Will offering a charging station in your parking lot become a point of competitive differentiation? It seems that certain retail operations are thinking that way. Drug store chain Walgreens plans to install as many as 800 electric vehicle charging stations at locations across the United States this year, which would make it the country's biggest retail supporter of the concept. Meanwhile, home furnishing retailer IKEA plans to test the acceptance of chargers at 10 stores in the Western United States.
The Walgreens installations, which are starting this month, will use eVgo Freedom Stations from NRG Energy. The technology will come with either a DC charger, which can provide a "top off" that extends an electric vehicle's range by as much as 30 miles in less than 10 minutes; or with a Level 2 charger that extends the range by 25 miles over a period of an hour. There are trade-offs, of course, since charging more quickly could shorten the lifespan of the vehicle's battery.
The sites targeted for the charging stations will include Boston, Denver, Los Angeles, New York City, San Francisco and Washington, D.C. Other states that will get the chargers include Florida, New Jersey, Oregon, Tennessee and Washington. There are already installations happening across Chicago, Dallas and Houston.
Said Walgreens President of Community Management and Operations Mark Wagner:
"As more Americans embrace environmentally sustainable technologies, our convenient locations make us uniquely positioned to address the concern around accessibility or 'range confidence.' According to the Department of Energy, Walgreens will make up as much as 40 percent of all public EV charging stations across the country, making it easy for EV drivers to look to our stores for a quick charge near major highways, metropolitan areas or right in their neighborhood."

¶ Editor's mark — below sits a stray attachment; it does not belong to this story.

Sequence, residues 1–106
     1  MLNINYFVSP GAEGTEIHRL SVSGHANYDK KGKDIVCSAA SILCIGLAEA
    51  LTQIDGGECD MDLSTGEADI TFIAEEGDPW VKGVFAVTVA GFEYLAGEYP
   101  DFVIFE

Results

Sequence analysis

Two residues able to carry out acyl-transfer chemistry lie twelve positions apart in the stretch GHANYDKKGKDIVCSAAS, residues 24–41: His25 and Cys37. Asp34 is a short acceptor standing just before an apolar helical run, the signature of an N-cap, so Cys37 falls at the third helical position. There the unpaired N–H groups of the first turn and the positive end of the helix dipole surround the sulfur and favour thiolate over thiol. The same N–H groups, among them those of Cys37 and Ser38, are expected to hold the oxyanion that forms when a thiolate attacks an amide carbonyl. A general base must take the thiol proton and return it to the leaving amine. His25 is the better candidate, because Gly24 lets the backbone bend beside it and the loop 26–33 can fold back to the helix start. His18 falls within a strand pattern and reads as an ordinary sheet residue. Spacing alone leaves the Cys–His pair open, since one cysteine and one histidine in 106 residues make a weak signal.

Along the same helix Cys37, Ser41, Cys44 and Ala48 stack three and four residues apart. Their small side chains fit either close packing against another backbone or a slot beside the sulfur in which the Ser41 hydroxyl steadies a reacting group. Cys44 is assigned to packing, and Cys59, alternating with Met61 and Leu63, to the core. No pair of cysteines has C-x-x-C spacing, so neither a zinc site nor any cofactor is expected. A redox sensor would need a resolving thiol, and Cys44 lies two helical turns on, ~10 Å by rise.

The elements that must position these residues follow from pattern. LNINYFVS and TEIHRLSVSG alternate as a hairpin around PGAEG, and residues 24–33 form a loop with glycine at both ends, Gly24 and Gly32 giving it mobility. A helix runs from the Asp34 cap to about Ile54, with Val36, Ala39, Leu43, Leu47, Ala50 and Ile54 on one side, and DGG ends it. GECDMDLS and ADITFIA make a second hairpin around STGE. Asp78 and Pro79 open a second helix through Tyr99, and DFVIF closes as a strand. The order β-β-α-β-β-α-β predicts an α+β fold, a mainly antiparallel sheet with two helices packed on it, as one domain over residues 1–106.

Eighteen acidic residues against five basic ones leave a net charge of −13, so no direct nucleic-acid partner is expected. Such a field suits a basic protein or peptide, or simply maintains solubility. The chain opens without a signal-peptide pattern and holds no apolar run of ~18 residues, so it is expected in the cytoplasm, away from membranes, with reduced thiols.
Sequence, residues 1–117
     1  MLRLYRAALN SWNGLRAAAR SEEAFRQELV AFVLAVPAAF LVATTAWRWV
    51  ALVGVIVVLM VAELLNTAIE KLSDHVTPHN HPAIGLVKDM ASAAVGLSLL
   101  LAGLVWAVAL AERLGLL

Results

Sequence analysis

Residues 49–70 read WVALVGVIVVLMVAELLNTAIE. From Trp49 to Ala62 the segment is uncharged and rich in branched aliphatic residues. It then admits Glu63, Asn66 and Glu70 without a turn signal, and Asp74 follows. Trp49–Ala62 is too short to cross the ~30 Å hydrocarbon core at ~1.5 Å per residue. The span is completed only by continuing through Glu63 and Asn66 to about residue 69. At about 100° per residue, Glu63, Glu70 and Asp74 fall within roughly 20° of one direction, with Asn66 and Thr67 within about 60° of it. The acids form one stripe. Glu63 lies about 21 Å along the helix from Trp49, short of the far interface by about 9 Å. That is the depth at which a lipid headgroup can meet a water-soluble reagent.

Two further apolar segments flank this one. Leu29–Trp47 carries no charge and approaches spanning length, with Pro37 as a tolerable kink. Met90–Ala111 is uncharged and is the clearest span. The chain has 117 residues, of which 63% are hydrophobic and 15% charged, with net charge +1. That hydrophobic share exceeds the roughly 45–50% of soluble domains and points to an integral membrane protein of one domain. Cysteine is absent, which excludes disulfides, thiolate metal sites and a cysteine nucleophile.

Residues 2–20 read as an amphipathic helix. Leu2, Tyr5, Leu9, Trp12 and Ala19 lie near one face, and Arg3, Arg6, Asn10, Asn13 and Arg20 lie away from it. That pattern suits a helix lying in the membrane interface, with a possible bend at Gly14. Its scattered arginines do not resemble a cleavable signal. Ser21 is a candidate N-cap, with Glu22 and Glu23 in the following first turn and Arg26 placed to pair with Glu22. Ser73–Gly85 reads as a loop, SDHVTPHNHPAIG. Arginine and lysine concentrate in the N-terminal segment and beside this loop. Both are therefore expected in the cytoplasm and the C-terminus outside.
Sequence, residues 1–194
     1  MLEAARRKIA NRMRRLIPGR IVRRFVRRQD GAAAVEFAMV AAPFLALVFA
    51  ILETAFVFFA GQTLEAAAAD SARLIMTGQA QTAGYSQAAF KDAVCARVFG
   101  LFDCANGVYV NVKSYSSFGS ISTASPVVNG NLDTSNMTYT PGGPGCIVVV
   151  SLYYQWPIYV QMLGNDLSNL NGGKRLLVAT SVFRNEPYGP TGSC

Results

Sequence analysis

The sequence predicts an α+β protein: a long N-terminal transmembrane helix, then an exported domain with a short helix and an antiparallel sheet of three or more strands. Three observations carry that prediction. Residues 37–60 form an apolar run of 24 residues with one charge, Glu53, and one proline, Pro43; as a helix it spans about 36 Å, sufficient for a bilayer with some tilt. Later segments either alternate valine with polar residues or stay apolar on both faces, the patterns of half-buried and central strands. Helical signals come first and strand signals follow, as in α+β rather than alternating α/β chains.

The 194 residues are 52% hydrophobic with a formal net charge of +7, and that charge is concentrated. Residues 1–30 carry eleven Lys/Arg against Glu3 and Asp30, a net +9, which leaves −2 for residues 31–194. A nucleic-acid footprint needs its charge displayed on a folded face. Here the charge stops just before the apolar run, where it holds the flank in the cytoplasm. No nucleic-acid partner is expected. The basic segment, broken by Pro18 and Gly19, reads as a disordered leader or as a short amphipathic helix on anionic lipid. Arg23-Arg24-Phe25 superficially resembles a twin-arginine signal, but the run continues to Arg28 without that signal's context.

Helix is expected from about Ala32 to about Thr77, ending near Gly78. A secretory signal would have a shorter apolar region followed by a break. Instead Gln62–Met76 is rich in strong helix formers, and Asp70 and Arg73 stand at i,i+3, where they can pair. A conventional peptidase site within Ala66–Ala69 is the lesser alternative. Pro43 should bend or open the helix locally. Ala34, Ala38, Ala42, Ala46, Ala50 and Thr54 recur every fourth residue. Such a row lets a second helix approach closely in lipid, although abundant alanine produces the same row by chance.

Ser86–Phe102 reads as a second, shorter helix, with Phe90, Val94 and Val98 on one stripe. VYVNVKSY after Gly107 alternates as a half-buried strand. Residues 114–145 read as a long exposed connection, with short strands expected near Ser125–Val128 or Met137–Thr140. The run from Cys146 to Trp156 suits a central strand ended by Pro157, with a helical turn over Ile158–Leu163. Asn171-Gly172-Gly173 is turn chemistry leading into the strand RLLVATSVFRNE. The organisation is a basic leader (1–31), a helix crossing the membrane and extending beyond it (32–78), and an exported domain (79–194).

Of course, if the drivers drop in to do some shopping in the meantime, I'm sure Walgreens won't mind.
Although the IKEA installation is much less extensive than Walgreens, the home furnishing company will experiment with electric vehicle charging technology from ECOtality. The sites being considered are in Arizon, California, Oregon and Washington state. The installations of the ECOtality Blink systems could be live by fall 2011; the retailer is looking at the feasibility of a broader installation and these sites will be used to collect data about cost and installation requirements. There are two charging stations planned per retail location. The installations are part of ECOtality's EV Project.
Said IKEA U.S. Vice President Mike Ward:
"Hosting charging stations at IKEA locations known for regional draws furthers our commitment to a smaller carbon footprint and technology opportunities that help protect the environment. This project is part of a global effort to promote the sustainable transport of people."
IKEA may be new to electric vehicle charging technology, but it is not new to sustainability. The company has solar energy installations in eight locations and another 12 projects are under way. The company is also using a geothermal system at its store in Centennial, Colorado, and it has invested in wind power to boot.
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